Refurbished gallery reopens to the public with a new display and longer opening hours
Following a two-year refurbishment, the National Gallery’s impressive gallery space, Room A, has reopened to the public. Lying beneath the main floor galleries, this permanent display offers visitors a chance to explore 218 pictures dating from the 13th to the late 19th centuries.
This newly reopened gallery offers a different way of experiencing the nation’s collection of European paintings as it is hung in broadly chronological order, telling the entire story of 400 years of painting in a single space. It aims to enhance visitors’ appreciation and understanding of some of the National Gallery’s lesser-known paintings and it provides the space and opportunity to study these works in greater detail – and in better viewing conditions – than before. With a record-breaking 6 million visitors during 2013, the National Gallery remains committed to researching and showcasing its extraordinarily rich permanent collection.
The display includes paintings by well-known artists, such as Sandro Botticelli, Titian, Luca Giordano, and Eugène Boudin, as well as interesting and high-quality anonymous works that tell an interesting story. The display begins with paintings from the Middle Ages to the High Renaissance, with the earliest work, The Virgin and Child with Six Angels, by the Master of the Albertini (Master of the Casole Fresco), dating about 1310-15. This section of the display encompasses works from all over Europe, with some paintings grouped thematically under the key categories for this period – such as altarpieces, portraits and small-scale devotional works. Of particular interest are the 16th-century Venetian paintings representing musical subjects and a selection of Renaissance works from the workshop of the Florentine painter Botticelli.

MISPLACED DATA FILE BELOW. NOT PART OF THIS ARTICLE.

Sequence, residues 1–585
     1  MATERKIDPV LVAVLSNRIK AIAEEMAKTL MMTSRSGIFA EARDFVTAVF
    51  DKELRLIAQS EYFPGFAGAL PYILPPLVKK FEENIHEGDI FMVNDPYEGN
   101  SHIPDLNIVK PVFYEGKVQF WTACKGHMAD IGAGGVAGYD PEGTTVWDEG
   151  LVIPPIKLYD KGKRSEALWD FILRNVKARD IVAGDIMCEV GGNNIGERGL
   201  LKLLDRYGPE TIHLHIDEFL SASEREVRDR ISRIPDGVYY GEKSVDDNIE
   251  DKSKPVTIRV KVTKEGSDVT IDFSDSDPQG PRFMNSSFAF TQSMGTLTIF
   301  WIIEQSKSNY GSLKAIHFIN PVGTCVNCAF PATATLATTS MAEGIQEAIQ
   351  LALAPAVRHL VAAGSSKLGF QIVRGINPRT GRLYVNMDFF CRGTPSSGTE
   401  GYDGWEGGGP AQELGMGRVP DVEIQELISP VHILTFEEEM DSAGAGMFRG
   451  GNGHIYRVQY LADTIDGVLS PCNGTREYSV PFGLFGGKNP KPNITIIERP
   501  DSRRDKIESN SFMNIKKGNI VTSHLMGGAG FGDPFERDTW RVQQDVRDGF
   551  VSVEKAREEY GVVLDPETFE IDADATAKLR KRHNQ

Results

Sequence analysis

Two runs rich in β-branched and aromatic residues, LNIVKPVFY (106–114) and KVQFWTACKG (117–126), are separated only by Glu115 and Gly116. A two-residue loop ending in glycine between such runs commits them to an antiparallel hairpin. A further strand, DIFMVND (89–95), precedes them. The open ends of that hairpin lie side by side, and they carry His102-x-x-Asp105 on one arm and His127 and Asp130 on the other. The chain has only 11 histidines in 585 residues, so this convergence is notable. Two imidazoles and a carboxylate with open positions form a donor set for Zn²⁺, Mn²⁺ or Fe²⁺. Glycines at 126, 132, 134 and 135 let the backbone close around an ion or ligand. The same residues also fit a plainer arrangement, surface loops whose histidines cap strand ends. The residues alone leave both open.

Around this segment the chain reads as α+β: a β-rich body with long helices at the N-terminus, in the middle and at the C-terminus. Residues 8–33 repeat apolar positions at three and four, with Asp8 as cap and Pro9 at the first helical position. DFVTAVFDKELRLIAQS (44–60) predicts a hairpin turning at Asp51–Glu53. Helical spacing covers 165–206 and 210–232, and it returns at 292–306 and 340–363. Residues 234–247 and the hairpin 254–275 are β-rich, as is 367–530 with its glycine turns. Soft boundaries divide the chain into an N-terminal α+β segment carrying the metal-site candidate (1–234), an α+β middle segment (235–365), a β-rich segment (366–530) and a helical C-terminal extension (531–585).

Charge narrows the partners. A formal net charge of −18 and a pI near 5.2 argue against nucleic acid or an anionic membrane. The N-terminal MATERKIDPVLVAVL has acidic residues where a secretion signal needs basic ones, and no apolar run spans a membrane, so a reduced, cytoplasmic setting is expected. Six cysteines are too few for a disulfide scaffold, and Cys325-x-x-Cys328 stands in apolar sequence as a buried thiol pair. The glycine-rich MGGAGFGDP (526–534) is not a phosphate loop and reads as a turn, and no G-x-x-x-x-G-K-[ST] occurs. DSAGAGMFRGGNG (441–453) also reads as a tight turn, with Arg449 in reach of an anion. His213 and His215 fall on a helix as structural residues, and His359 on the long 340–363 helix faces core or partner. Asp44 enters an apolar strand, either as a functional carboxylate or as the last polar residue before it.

The next section of the display includes paintings dating from the 17th and 18th centuries. It highlights the variety of genres in which painters specialised during the period; such as landscape painting, still life, portraiture and history painting. Some paintings are grouped by theme or place of origin and can be appreciated in this context. For example, a group of Italian Baroque oil sketches can be seen on two adjacent walls a group of French and Italian 18th-century portraits are shown together, and one area includes a selection of landscapes and marines from the Dutch Golden Age.
The 19th-century paintings on display underline the notable shift in subject matter towards nature and contemporary life. Paintings by artists associated with the Barbizon School emphasise the importance of landscape painting in France during this period, also evident in the works by Dutch and Belgian artists shown nearby. Further groups of portraits – genre scenes and still lifes – highlight the very different approach to these subjects in the later period, and Emile-Jean-Horace Vernet’s four large battle scenes perfectly illustrate the romantic reinvention of the genre.
Since its construction in 1975, Room A has provided space for paintings, which supplements the main floor galleries. This is the most recent building project at the National Gallery and Room A is now open to the public all day on Wednesdays and for the first Sunday of every month.